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Vatican releases statement on revelations by gay prelate

October 3, 2015. With regard to the declarations and interview given by Msgr. Krzystof Charamsa it should be observed that, notwithstanding the respect due to the events and personal situations, and reflections on the issue, the decision to make such a pointed statement on the eve of the opening of the Synod appears very serious and irresponsible, since it aims to subject the Synod assembly to undue media pressure. Msgr. Charamsa will certainly be unable to continue to carry out his previous work in the Congregation for the Doctrine of the Faith and the Pontifical universities, while the other aspects of his situation shall remain the competence of his diocesan Ordinary.
Pope Francis

Vatican releases statement on Popes meeting with Kim Davis

October 2, 2015. The Vatican’s press office has released a statement regarding the Pope’s greeting of Kim Davis, the County Clerk from Kentucky who was jailed for refusing to issue a marriage license to same sex couples. The Vatican confirms the greeting took place in the Apostolic Nunciature in Washington D.C. The statement adds: ‘The only real audience granted by the Pope at the Nunciature was with one of his former students and his family. The Pope did not enter into the details of the situation of Mrs. Davis and his meeting with her should not be considered a form of support of her position in all of its particular and complex aspects.’

Pope Francis recognizes five Spanish martyrs and opens the way for seven to be beatified

Pope Francis has signed eight decrees for the Congregation for the Causes of Saints. There are five new martyrs from Spain, who were killed because of hatred against the faith, and seven decrees recognizing heroic virtues. By recognizing heroic virtues, the Pope declares that the candidate for beatification has lived the Christian virtues in an exemplary manner. It is the pre-beatification step. The decrees refer to:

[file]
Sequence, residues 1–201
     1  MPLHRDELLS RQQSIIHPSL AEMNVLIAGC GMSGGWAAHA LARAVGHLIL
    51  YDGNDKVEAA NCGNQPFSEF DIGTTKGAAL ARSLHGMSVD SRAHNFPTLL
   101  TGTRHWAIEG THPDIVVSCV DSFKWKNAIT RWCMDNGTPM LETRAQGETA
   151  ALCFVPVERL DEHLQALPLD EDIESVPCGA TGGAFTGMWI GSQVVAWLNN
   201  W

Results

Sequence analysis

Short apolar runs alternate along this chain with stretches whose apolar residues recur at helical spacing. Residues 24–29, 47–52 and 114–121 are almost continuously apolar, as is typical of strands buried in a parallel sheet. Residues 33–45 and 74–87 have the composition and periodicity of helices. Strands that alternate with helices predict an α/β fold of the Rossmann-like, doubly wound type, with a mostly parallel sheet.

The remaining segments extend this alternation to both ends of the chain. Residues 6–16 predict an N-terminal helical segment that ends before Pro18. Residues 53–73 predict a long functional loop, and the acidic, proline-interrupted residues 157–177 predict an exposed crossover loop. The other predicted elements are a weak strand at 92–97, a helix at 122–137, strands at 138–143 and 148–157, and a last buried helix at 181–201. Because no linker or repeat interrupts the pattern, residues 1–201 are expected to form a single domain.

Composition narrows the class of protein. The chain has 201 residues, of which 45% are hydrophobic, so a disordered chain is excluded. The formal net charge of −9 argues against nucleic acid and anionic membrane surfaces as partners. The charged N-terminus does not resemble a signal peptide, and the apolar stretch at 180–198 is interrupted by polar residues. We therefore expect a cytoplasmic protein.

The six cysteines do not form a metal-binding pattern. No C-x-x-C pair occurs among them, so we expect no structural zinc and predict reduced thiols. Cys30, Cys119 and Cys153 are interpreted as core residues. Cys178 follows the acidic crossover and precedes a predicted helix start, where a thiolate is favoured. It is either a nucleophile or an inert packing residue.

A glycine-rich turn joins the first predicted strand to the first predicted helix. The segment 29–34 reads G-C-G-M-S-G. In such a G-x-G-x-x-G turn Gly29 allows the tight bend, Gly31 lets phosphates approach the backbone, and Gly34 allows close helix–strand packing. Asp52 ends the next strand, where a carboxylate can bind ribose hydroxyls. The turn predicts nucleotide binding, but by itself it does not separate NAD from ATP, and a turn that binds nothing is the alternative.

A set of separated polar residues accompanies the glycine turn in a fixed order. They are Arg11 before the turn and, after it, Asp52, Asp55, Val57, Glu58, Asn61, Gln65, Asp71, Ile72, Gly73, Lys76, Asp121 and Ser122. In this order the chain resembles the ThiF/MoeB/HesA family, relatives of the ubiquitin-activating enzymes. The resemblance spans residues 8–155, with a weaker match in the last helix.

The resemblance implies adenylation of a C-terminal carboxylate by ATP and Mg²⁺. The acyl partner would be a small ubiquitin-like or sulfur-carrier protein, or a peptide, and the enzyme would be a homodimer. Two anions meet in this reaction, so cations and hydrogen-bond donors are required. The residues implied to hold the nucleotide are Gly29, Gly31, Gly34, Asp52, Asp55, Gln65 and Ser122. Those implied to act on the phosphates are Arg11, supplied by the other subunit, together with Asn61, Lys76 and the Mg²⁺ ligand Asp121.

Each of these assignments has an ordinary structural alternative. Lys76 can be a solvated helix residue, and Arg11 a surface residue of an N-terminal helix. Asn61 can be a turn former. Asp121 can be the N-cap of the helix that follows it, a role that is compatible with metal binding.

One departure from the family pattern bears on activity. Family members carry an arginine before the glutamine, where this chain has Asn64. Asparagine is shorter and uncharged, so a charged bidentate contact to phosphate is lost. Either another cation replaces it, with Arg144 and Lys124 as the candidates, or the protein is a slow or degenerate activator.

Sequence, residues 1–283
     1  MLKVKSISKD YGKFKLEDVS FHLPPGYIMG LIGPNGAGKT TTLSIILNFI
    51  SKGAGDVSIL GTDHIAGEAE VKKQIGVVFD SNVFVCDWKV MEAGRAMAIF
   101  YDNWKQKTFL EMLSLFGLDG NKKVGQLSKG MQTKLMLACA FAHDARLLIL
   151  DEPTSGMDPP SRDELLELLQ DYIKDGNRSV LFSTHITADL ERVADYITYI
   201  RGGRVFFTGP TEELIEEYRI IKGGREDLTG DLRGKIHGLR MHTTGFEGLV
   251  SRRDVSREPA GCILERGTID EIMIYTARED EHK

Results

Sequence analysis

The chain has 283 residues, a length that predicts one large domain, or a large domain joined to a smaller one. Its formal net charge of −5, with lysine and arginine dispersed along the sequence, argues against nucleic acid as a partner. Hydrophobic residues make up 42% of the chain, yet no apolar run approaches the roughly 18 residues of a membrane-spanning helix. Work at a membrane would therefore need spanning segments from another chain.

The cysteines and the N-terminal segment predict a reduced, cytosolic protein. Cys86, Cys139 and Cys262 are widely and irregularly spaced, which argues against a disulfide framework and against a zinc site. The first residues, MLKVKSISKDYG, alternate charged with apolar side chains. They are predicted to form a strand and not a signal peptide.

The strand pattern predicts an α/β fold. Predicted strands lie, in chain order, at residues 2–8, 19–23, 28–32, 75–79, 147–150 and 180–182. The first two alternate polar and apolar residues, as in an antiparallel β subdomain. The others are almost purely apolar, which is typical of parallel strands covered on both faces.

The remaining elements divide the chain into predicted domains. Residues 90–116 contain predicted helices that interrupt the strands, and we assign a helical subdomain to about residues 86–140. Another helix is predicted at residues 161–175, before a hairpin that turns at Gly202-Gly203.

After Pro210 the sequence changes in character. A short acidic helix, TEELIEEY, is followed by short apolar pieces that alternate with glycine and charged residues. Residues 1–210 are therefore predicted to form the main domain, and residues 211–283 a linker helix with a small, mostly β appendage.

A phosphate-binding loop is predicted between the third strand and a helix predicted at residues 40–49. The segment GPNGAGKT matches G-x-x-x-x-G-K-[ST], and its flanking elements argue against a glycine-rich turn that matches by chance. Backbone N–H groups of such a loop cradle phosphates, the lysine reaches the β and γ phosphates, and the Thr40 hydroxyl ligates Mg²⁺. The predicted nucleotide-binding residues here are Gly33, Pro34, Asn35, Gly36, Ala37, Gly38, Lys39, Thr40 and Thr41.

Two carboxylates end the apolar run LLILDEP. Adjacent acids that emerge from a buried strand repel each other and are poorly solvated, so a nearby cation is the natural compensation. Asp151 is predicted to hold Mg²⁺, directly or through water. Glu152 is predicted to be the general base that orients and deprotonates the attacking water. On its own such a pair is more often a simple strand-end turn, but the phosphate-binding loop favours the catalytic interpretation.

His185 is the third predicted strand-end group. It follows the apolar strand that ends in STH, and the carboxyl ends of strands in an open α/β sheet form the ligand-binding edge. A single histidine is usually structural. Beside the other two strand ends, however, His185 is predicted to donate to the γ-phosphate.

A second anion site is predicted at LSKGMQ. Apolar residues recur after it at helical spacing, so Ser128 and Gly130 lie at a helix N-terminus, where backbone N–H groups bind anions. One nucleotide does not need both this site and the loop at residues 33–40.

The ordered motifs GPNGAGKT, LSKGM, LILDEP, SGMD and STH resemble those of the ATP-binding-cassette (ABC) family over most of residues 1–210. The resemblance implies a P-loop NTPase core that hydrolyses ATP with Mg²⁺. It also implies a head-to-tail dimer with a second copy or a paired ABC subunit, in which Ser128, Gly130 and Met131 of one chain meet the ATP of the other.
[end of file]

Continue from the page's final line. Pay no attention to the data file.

Chinese foreign ministry responds to Pope Francis

September 30, 2015. A spokesman for the Chinese foreign ministry said, "China is sincere about improving relations with the Vatican and has made consistent efforts.” It was a response to the Popes recent remark that he would like to visit Chinese and he hopes "the possibility to have good relations exists.”
Pope in U.S.

Pope Francis met with victims of sexual abuse in Philadelphia

September 27, 2015. Pope Francis met with five people who were sexually abused as children by priests, family and teachers (three women and two men). He listened to their stories and spoke with them for about 30 minutes. According to a Vatican spokesman, he "prayed with them and expressed his solidarity in sharing their suffering, as well as his own pain and shame in especially in the case of injury caused them by clergy or church workers.”
Pope Francis


September 15, 2015. Pope Francis has appointed Msgr. James Vann Johnston, as the new Bishop of Kansas City-St. Joseph. Up until know, Bishop Johnston he had served in Springfield-Cape Girardeau.

Religious Persecution: Family of slain Pakistani minister, meets with Pope Francis


The mother and brother of a Pakistani Christian minister, who was murdered because of his faith, met with Pope Francis. The son of 87 year old Marta, Shabaaz Bhatti, was killed in his native country, where as a Catholic he was part of the  minority. Now, his family is making sure his legacy lives on. 

Brother of Shabaaz Bhatti
"The Pope was very touched and moved. He closed his eyes, held my mom's hand tightly and hugged her. That speaks volumes.” 

His brother, Shabaaz, was Pakistan's Minister of Minorities. He strongly opposed the country's blasphemy law which criminalizes critiques against Islam. In many cases, the law is used to wrongfully accuse people. It's often used as a tool for personal vendettas against Christians and other minorities. Shabazz killed in 2011, by Muslim extremists

With religious persecution on the rise, Bhatti, who held his brother's government post after he was assassinated, says the current violence in Iraq and Pakistan is much more complicated than it seems. 

Brother of Shabaaz Bhatti
"What's going on in Iraq and Pakistan and other parts of the world, is not solely based on religion. They are terrorists who are using religion as a tool to reach their personal goals. In Pakistan, I've met good Muslims who have supported me as minister.”

At the same time, he fears that radicalized Muslims will turn Pakistan into another Iraq, where persecution and lawlessness seems to have taken over. 

Brother of Shabaaz Bhatti
"That is a possibility, because you're dealing with Muslim terrorists who are also attacking other Muslim minorities. First we have to identify what is triggering this violence, discrimination and division and why people are ultimately being killed.” 

To prevent hatred, he says, education and inter-religious dialogue is key, especially in younger generations. 

Brother of Shabaaz Bhatti
"When children are raised under a radical ideology, and they grow up with suicide bombers, they too become victims of violence. We must help these children.” 

Bhatti says he and his family are still threatened by extremists. So much so, that he's been forced to live between Pakistan and Europe. He says he doesn't feel a sense of revenge over the murder of his brother. Instead, he says he wants to devout his time helping those who cannot defend himself, just like his brother Shahbaz did before he was killed. 

up: PM